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John Ryan

The DIY Store That May Not Be All About DIY

These stores are beginning to fill the gap between furnishing and refurbishing




AT WHAT POINT does a DIY store cease to become a place that shoppers head to when they want tools for that home improvement project?

The answer may actually seem pretty clear-cut: when there are fewer tools and more interior roomsets. But in fact, the boundaries are increasingly confused. In the U.K., Homebase is one of few major players in the market, and until recently it was a place you went to for cable, paint, screwdrivers – well, you get the picture.

Visit its most recently opened Abingdon store, however, and opinions about what DIY stores are all about might shift. There are certainly tools and yes, paint and a paint-mixing service is available. But in place of the usual shed-like environment there are soft-colored perimeter wall panels and mid-shop inspirational room presentations that take center stage.

This is, in fact, a space in which the notion of “hardware” gives way to an altogether more designed ambience, one in which the home improver considers how their home might look, rather than just getting the job done.

Now consider Zara Home. This is the offshoot fascia from fashion brand Zara, and it is almost entirely concerned with persuading shoppers to put things in their homes that will look slick, contemporary, warm, chic – there are a lot of options.

Yet it has just released a Zara Home toolset – hammers, allen keys, screwdrivers and so on. And there is a nifty-looking toolbox to keep the beechwood-handled tools in order. Now admittedly, little doubt will remain that Zara Home is still about home furnishings. Yet viewed another way it almost feels as if the retailer is heading towards what the new look Homebase is showcasing and that somewhere there is a middle ground in which do-it-yourself meets soft furnishing; also, the fact that both retailers are beginning to target this area perhaps indicates a change in customer tastes.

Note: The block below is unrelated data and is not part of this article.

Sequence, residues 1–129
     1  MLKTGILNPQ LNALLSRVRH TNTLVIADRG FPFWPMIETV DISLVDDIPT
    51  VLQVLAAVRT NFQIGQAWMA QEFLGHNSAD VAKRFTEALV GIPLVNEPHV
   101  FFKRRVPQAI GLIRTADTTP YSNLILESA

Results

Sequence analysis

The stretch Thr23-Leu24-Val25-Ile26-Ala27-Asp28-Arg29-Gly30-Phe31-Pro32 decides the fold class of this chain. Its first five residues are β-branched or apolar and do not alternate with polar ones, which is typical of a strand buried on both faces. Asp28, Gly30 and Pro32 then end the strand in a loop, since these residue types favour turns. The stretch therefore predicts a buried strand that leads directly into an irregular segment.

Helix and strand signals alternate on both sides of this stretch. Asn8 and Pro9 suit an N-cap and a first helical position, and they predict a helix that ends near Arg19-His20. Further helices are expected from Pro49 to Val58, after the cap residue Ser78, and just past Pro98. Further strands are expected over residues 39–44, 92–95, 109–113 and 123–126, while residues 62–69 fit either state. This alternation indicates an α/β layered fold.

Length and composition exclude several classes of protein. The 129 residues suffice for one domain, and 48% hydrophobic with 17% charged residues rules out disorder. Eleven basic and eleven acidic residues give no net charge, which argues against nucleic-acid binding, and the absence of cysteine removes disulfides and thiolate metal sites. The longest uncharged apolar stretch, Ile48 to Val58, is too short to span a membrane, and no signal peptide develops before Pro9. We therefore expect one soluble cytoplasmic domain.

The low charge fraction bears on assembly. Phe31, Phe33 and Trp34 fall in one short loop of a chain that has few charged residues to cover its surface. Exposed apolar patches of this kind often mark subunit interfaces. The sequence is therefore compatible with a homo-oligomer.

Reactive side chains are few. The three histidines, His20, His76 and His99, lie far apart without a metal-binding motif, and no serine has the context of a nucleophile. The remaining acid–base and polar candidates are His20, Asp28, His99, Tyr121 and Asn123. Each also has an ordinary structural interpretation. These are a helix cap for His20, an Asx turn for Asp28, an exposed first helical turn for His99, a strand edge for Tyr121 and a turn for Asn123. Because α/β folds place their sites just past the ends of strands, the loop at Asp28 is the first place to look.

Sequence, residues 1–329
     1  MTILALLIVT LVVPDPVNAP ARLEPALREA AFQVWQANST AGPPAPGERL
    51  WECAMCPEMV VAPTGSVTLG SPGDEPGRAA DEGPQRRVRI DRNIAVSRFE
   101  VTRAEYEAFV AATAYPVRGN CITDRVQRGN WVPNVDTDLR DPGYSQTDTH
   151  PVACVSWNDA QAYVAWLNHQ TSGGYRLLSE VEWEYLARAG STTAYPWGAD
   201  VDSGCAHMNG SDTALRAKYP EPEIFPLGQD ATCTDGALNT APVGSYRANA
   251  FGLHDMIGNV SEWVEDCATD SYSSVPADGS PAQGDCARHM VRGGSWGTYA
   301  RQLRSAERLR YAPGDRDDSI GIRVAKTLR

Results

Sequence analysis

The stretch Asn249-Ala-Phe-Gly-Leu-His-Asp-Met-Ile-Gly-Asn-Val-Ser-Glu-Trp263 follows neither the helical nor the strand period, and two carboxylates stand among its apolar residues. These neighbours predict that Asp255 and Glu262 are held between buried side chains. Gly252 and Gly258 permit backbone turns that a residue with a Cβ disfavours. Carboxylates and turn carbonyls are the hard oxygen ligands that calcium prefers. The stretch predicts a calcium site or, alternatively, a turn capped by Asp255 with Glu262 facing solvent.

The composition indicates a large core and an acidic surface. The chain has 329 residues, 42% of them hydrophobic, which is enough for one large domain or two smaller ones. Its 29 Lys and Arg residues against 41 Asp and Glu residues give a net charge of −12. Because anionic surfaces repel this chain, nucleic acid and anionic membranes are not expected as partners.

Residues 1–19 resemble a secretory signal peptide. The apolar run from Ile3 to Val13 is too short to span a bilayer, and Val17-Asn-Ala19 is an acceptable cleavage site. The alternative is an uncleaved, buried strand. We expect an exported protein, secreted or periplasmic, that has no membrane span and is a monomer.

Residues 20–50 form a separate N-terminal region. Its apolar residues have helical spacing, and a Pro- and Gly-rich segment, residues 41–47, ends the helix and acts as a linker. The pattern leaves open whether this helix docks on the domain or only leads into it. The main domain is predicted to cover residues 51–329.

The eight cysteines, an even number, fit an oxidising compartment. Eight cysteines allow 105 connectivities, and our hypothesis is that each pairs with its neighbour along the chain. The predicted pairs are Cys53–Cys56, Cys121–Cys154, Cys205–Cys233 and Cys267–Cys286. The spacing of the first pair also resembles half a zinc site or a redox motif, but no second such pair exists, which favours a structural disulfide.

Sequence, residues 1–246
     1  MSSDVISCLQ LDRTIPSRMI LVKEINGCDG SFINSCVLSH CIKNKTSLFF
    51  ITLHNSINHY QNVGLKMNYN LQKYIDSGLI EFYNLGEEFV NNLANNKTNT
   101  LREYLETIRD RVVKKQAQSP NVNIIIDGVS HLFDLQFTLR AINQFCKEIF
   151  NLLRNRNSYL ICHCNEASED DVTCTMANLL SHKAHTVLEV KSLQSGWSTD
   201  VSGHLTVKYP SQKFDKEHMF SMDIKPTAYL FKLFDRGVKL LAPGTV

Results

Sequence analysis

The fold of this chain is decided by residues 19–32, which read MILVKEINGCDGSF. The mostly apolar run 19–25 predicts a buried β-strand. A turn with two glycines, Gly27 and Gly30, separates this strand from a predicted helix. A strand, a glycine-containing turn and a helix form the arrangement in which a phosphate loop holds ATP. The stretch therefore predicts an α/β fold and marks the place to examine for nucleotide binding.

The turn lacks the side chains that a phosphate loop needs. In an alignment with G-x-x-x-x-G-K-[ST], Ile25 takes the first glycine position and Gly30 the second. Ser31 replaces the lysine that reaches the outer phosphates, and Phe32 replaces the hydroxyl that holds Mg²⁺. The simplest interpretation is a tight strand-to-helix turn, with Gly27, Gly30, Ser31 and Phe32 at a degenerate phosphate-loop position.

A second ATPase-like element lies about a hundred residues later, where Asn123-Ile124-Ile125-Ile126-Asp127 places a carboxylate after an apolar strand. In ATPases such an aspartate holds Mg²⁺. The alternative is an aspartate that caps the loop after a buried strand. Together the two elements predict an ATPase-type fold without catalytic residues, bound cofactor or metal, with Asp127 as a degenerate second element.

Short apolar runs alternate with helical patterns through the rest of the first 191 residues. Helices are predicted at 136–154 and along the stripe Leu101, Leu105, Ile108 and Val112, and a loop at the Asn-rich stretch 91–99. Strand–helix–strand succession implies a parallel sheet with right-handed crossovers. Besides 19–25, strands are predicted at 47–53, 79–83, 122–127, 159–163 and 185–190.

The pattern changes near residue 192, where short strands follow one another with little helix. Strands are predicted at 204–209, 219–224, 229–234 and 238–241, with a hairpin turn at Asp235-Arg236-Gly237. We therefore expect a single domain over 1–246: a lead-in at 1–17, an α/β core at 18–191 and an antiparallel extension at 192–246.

This is not to say, of course, that “hard-end” DIY is set to disappear. Room will still be made for the dedicated builder and major project enthusiast. But for many of us there has been a gap between refurbishment and furnishing, and retailers are considering what can be done to satisfy the demand for this. Change is happening and DIY stores are as much prone to flux as any other sector.

John Ryan is a journalist covering the retail sector, a role he has fulfilled for more than a decade. As well as being the European Editor of VMSD magazine, he writes for a broad range of publications in the U.K., the U.S. and Germany with a focus on in-store marketing, display and layout, as well as the business of store architecture and design. In a previous life, he was a buyer for C&A, based in London and then Düsseldorf, Germany. He lives and works in London.



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